Friday, April 16, 2010
The SEC sued Goldman Sachs and Fabrice Tourre on April 16, 2010 and charged them with fraud in connection with the structuring and marketing of a synthetic collateralized debt obligation (CDO). Goldman Sachs ended up settling the charges by agreeing to pay $550 million. See here.
Unless you have been living in a cave and have been completely cut off from outside society, you know that in the space of a few months, at least $11,000,000,000,000 ($11 trillion) was lost from the U.S. economy in 2008, and that the world was turned upside down and plunged into a deep recession, if not depression.1
Fraud and greed had a lot to do with it.
Savvy investor George Soros said in mid-February 2009 that the world financial system has effectively disintegrated, and that there is as yet no prospect of a near-term resolution to the crisis. Soros said the turbulence is actually more severe than during the Great Depression, comparing the current situation to the demise of the Soviet Union. He said the bankruptcy of Lehman Brothers in September marked a turning point in the functioning of the market system.
"We witnessed the collapse of the financial system," Soros said at a Columbia University dinner. "It was placed on life support, and it's still on life support. There's no sign that we are anywhere near a bottom."
Could the current fiscal crisis confronting the United States have been avoided if Wall Street firms abided by Halacha (Jewish law)?.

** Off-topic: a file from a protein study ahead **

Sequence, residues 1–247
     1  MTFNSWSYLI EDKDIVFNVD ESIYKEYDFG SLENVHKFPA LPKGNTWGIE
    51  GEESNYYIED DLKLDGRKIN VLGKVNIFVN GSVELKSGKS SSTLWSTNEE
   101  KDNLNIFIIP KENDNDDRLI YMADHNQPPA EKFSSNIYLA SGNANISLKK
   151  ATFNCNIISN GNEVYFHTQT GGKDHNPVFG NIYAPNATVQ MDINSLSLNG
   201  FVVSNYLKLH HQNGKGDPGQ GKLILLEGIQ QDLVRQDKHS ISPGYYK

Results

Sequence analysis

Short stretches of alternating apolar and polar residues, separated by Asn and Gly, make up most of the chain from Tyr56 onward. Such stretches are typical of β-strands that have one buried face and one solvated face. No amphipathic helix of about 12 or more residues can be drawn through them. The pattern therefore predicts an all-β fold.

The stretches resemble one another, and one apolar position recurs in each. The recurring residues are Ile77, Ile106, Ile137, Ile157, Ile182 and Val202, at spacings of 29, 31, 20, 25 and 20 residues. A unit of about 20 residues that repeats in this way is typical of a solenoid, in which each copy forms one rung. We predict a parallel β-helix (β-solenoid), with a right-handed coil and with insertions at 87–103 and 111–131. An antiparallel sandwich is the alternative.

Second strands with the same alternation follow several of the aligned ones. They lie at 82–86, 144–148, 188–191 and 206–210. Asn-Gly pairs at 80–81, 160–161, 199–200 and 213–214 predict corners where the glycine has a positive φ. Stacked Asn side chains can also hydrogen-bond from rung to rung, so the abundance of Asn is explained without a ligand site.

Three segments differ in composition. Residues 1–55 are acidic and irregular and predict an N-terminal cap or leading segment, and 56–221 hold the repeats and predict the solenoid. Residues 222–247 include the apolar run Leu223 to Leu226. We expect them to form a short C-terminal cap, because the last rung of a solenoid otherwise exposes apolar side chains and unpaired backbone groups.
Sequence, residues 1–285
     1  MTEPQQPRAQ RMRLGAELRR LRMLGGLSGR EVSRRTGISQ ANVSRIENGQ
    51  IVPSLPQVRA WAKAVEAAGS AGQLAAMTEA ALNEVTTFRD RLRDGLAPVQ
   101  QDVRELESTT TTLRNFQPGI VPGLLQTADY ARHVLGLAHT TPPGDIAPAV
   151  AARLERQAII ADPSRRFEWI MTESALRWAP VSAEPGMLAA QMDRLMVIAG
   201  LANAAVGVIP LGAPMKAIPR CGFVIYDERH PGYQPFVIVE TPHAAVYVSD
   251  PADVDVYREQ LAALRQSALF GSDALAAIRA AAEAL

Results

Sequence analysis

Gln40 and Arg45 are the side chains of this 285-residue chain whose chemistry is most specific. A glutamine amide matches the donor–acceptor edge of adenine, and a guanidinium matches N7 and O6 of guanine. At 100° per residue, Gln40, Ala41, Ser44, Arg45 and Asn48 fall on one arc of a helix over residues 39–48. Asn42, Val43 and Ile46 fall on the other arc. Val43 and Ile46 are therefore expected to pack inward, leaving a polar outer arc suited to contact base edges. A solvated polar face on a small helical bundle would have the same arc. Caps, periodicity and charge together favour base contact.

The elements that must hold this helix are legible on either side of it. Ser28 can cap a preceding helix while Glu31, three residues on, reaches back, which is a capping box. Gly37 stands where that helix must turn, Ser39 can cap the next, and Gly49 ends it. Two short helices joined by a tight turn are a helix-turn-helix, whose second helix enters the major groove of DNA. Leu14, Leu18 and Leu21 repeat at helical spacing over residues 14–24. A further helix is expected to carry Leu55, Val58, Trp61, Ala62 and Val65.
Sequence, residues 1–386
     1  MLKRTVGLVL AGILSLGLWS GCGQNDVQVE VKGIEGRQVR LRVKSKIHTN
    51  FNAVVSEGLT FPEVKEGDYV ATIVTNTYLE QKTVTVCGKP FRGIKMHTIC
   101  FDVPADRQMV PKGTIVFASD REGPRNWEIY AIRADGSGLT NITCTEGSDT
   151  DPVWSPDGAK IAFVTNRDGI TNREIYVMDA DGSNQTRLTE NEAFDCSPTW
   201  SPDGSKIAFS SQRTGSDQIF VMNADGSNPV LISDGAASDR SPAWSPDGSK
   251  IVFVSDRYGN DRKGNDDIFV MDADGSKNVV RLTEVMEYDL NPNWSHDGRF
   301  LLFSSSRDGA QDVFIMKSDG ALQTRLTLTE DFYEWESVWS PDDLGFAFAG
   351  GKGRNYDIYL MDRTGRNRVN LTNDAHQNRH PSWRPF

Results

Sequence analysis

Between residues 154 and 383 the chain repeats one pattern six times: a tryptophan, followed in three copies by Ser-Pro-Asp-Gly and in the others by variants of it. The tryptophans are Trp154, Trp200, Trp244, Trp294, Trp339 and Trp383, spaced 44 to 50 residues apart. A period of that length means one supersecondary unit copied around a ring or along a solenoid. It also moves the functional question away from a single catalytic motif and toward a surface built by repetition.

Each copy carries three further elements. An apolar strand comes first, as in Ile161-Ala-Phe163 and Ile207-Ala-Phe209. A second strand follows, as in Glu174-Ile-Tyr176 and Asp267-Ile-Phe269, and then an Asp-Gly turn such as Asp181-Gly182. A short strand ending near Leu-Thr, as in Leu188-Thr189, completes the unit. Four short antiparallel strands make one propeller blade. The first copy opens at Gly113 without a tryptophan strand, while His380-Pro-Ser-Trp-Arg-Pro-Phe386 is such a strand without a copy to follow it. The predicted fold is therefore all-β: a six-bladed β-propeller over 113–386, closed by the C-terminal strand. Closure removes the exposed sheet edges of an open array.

Prof. Aaron Levine, formerly an Associate Professor of Economics at New York University and currently the Samson and Halina Bitensky Professor of Economics and Chairman of the department at Yeshiva University thinks so. He deals with this issue in an article "The Recession of 2008: The Moral Factor — A Jewish Analysis" in a forthcoming book to be published by the Oxford University Press. The same article, summarized here, appeared in the prestigious journal, The American Economist in April 2009.
Prof. Levine asserts that "The current downturn is the first post World War II recession that has its roots in widespread moral failure." Prof. Levine marshals in his article numerous Halachic authorities from the Talmud, the work of medieval jurists like Maimonides and a host of Responsa to support his argument.
He begins by locating the failures of the various players in the current crisis in terms of Jewish law.
(1) Some borrowers were guilty of taking on mortgage debt that they knew would eventuate in default. Taking on debt payment that one knows or even is not sure he can meet violates Jewish law's good faith imperative (Bava Metzia 42a and Ein Mishpat onTosafot Betzah 15b).
(2) Some mortgage brokers mislead their clients regarding the risks they were undertaking. Proffering ill-suited advice and/or misleading someone violates Jewish business ethics. Moreover, the duty devolves on the lender to disclose the hidden flaws of his mortgage product. Unless the borrower agrees upfront to discover these hidden debits on his own, the seller may not shift the burden of discovery of the hidden flaws to the borrower.